Geico
commercial where the director tells him to say rabbits instead of "wabbits". He was again voiced by Billy West. Elmer Fudd
Elmer Fudd
appears in The Looney Tunes
Looney Tunes
Show voiced by Billy West. Portrayed as a wealthy businessman coming home after a hard day's work in the "Merrie Melodies" part of the episode "Best Friends," he sings about his love of "gwiwwed cheese" sandwiches. He later had a brief cameo appearance in "Fish and Visitors" as a weather forecaster briefly exclaiming about the rainy weather and doing his famous chuckle at the end. In "Working Duck," Elmer Fudd
Elmer Fudd
appeared as a newsman where he reports that Daffy Duck
Daffy Duck
was fired from his position as a security guard after falling asleep during a nighttime bank robbery where $10,000,000.00 were stolen. Later on, Elmer Fudd
Elmer Fudd
reports that EnormoCorp went out of business due to the worst business decision in the history of business decisions caused by its CEO Daffy Duck (who succeeded the previous CEO Foghorn Leghorn
Foghorn Leghorn
who retired) where he went with the "Proceed as Planned" choice instead of the "Delay the Merger" choice when he mistook Pete Puma as the new muffin man. As a result of this, Elmer mentioned that 10,000 of its workers are now out of a job and states that experts fear that the world economy could collapse. Elmer also states that disgraced CEO Daffy Duck could not be reached for a comment. In "A Christmas Carol," Elmer Fudd reports on Foghorn Leghorn's plans to end the heat wave on Christmas. Elmer Fudd
Elmer Fudd
later joins the other characters in the Christmas song called "Christmas Rules" at the end of the episode. In "Dear John," Elmer Fudd
Elmer Fudd
reports on Daffy Duck
Daffy Duck
winning a spot on the city council. Elmer Fudd
Elmer Fudd
later reports on Daffy Duck's apparent death where he supposedly lost control of his parade float and drove into the St. Bastian River. In "The Black Widow," Elmer Fudd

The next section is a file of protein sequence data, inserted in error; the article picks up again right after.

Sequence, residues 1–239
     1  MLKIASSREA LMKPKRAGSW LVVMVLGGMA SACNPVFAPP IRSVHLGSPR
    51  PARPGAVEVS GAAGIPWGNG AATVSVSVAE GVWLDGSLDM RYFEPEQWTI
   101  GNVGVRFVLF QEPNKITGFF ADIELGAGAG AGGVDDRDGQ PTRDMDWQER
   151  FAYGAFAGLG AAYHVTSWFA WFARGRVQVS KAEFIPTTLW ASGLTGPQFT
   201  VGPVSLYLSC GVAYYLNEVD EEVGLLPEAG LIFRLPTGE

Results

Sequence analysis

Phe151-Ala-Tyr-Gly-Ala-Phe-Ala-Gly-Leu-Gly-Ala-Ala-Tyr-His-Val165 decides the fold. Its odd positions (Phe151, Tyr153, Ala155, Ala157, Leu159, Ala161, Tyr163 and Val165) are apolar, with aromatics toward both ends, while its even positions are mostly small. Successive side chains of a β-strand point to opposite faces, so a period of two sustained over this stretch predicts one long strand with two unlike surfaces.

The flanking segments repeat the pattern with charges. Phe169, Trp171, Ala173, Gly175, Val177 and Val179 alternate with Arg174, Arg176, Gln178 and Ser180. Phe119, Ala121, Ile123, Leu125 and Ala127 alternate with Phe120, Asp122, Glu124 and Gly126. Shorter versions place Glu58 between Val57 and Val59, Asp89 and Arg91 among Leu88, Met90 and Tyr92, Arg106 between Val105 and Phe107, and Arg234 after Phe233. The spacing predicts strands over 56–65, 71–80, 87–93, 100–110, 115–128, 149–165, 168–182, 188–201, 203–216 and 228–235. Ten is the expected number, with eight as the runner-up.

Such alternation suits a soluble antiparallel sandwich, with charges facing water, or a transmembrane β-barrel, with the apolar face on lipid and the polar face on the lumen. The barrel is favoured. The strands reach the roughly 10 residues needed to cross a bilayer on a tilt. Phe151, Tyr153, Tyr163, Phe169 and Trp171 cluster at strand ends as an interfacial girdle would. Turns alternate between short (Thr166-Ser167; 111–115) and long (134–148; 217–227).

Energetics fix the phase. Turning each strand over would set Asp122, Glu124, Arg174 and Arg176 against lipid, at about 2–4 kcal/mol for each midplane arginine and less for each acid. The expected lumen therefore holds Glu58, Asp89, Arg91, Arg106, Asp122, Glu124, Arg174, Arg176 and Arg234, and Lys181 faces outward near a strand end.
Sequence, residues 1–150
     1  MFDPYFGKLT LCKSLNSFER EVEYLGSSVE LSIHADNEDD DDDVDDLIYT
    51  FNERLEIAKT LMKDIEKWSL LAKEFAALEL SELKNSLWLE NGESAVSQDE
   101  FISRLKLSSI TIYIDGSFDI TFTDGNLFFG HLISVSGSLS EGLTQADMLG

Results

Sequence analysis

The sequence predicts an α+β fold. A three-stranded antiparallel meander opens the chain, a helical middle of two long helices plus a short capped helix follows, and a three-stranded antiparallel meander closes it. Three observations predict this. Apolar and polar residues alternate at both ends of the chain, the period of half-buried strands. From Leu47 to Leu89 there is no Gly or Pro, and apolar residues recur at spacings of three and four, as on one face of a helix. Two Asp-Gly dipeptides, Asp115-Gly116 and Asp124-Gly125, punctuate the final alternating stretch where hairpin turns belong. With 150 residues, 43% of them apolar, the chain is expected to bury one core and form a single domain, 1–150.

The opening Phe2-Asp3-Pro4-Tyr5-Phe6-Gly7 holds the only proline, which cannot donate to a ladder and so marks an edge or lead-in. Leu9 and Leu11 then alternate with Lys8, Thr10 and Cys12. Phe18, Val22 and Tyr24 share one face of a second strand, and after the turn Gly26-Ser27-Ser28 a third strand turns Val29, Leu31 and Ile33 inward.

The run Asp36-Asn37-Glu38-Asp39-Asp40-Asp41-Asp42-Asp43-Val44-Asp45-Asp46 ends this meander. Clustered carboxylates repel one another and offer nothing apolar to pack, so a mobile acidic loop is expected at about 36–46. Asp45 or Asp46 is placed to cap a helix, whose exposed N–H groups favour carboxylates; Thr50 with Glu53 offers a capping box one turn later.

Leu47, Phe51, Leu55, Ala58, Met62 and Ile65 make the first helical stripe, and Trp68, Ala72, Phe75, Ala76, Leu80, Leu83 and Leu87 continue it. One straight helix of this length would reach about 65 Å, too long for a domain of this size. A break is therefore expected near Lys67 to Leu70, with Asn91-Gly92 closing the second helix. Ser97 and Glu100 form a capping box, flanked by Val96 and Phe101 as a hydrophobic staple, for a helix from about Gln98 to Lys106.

Elmer Fudd
reports on the theft of the Hillhurst Diamond from the museum caused by someone called "The Black Widow." On June 8, 2011, Elmer starred in the 3-D short "Daffy's Rhapsody" with Daffy Duck, that short was going to precede the film Happy Feet Two,[7] but was instead shown with Journey 2: The Mysterious Island. Elmer Fudd
Elmer Fudd
appears in Looney Tunes: Rabbits
Rabbits
Run voiced again by Billy West. He appears as a spy working for the Mexican general Foghorn Leghorn. In the 2017 DC Comics/ Looney Tunes
Looney Tunes
crossover books, an alternate version of Elmer Fudd
Elmer Fudd
was created for a story in which the character was designed more for the DC Universe and was pitted against Batman
Batman
in the Batman/ Elmer Fudd
Elmer Fudd
Special. In the story, Elmer is a bounty hunter that originated from the country side before he moved to Gotham to make ends meet. He considered putting the shotgun away for good when he fell in love with Silver St. Cloud, but she was killed by hitman Bugs "The Bunny". He goes to a bar called Porky's (which has attendants that are humanoid versions of other famous Looney Tunes stars) to kill Bugs. Bugs confesses to killing Silver, but avoids death by telling Elmer that Bruce Wayne hired him to do it. Elmer believes Bugs as Bruce was Silver's former lover and shoots Bruce at a party for vengeance. Batman
Batman
confronts Elmer in his apartment and defeats the gunman in a fight, where Elmer tells Batman
Batman
about Silver's death and Bugs. Elmer and Batman
Batman
return to Porky's and take out most of the crowd before confronting Bugs. The three are shocked to find Silver in the bar herself, where she revealed that she left Bruce and Elmer because of their dangerous lifestyles and had Bugs fake her death. The story ends with all three of the men requesting a glass of carrot juice from Porky. In the issue's backup story, Bugs, Elmer, and Batman
Batman
re-enact the famous " Rabbit
Rabbit
Season, Duck Season" sketch with Batman
Batman
replacing Daffy as Bugs tells Elmer it's "Bat Season." After getting shot by Elmer too many times, Batman
Batman